For the artist, it was important to display members of the community living life to the fullest, with zest and humor, far from the shackles of pathos and sadness. Through his works, he shows how the notion of transgendered individuals belonging to a particular caste and economic background is unfounded, as they can flourish if given a chance.

Challenging the gender binary in mainstream, Nachiket Prakash, artist, art educator and curator based in Pune, has explored the different forms of sexuality in diverse contexts against a background of increased acceptance of gender fluidity.

Prakash’s paintings imagine a future where all genders are one and interconnected. His works represent the binaries of ‘good’ and ‘bad’ as deemed by popular media and public, and uncover the ideas of our changing understanding of human sexuality.

For Aditya Verma, a painter, sitarist and ad professional from Delhi, the choices we make as individuals tend to define future expression of sexuality among human beings. His painting Nothing is ordinary. Everything is ordinary, explores fluidity and sexuality beyond binaries. Weaving a narrative of queer lives and the faces we encounter across the spectrum of sexual expression, the painting represents ‘light’ and ‘dark’ choices made by individuals.

In the same room, one finds Untitled by Ishita, an artist from Mumbai. Her works, drawn from personal experience of being constrained, judged and isolated as an unmarried woman, explore the pain, sexuality and stigma in a conservative society. The artist believes that since sexuality and intimacy are considered taboo in India, art provides a medium to explore the topics unabashedly.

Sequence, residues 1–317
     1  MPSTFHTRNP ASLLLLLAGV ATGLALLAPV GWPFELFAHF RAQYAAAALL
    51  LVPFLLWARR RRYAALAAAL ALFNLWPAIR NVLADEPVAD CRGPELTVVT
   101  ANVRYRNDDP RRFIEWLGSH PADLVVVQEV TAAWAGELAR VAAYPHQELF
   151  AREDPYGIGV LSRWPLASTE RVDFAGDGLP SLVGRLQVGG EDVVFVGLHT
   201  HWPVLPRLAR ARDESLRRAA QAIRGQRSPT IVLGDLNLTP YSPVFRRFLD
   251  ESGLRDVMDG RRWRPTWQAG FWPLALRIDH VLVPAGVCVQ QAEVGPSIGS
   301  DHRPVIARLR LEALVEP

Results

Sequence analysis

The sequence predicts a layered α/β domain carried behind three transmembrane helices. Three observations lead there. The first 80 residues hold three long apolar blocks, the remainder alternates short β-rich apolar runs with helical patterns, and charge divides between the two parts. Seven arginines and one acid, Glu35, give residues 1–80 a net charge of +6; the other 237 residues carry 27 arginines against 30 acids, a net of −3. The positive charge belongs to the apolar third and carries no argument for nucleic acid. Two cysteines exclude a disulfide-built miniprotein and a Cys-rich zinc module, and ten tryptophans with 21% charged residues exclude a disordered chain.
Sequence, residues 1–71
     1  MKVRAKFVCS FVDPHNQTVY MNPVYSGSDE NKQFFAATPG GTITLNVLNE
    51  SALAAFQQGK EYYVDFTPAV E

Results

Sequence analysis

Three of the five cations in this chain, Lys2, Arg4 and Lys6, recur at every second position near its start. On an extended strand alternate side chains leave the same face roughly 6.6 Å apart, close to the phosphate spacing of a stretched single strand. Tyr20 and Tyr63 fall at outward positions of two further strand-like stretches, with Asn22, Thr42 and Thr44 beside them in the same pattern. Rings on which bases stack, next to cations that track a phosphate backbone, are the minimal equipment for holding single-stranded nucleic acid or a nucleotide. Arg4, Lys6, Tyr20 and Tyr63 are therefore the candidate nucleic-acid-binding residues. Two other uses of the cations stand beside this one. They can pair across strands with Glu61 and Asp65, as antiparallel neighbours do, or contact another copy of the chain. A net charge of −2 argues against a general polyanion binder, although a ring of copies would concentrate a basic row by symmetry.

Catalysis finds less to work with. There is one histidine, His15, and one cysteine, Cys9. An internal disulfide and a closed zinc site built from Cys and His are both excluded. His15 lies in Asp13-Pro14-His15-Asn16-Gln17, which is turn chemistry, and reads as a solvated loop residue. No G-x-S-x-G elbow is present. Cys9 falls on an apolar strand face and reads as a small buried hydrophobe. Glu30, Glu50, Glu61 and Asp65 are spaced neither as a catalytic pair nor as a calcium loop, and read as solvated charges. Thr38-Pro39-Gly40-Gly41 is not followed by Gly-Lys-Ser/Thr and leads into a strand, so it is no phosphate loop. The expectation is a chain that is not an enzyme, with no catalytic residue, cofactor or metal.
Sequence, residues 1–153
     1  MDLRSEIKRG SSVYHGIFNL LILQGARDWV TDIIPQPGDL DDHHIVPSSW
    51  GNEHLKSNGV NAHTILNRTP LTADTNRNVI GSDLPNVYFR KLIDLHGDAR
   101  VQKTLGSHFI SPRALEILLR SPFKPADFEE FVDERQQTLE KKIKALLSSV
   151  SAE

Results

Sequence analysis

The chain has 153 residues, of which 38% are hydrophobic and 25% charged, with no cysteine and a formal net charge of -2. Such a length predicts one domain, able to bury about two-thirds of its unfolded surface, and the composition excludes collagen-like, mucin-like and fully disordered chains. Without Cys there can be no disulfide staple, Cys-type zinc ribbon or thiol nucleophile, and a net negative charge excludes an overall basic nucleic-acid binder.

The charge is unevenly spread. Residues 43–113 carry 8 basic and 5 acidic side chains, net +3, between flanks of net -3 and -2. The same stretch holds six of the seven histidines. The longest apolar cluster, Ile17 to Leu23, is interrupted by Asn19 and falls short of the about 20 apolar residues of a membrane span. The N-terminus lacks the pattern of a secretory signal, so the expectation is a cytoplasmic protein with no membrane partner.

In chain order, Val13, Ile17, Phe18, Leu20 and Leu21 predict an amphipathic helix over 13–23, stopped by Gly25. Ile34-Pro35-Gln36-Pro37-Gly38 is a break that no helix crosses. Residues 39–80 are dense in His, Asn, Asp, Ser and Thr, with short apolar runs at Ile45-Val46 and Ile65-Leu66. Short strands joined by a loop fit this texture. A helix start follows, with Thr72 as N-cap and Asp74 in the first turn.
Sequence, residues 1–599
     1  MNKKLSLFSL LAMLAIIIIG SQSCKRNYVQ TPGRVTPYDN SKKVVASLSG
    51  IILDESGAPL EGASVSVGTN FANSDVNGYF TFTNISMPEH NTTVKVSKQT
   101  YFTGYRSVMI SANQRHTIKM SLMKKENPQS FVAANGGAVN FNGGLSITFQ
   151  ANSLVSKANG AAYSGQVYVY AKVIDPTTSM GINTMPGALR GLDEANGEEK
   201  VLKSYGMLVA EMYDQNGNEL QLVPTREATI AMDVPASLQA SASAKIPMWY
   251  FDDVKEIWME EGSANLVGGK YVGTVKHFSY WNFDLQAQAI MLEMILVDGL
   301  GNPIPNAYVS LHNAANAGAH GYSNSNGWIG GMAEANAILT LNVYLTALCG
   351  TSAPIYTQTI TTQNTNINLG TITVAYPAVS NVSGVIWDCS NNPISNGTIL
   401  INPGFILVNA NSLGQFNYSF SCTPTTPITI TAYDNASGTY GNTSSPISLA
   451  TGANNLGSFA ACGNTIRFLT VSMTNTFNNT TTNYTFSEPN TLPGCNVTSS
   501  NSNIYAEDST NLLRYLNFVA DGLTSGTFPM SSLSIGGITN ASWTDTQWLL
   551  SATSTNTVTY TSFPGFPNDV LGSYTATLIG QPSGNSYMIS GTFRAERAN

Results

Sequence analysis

The exhibition also showcases attitudes from across the world through works by artists from France, the US and China.

An 18-minute film, A Waking, by Clare Chong, a Singapore-based filmmaker, revisits a painful experience from when she was 16. She was visiting China, where a bus driver misbehaved with her. Clare, who has grown up in a house full of women, uses this experience to portray the sexual encounter of a young teenager and disorientation of her thoughts.

Amy Cutler is a geographer, filmmaker, and a research fellow in GeoHumanities at University of London. Her works often draw on unsettling ideas of nature by ‘hacking’ original source narratives and pedagogical voices, from radio to 19th century science textbooks. Her film All her beautiful green remains in tears discusses nature documentaries and their heternormative bias when visiting fables of reproduction, morality and motherhood.

Zander Porter, an American artist based in Berlin, also showcases his short film I’m Your Pixelpleasure, a take on the internet culture and social culture at large. For Rakhe, the idea was to start with an immersive workpiece and end with another.

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Chaitanya Modak’s Disturbing is the final artwork in the exhibition. A set of visual poems hanging through the wall, they represent nostalgic conversations from a now broken relationship.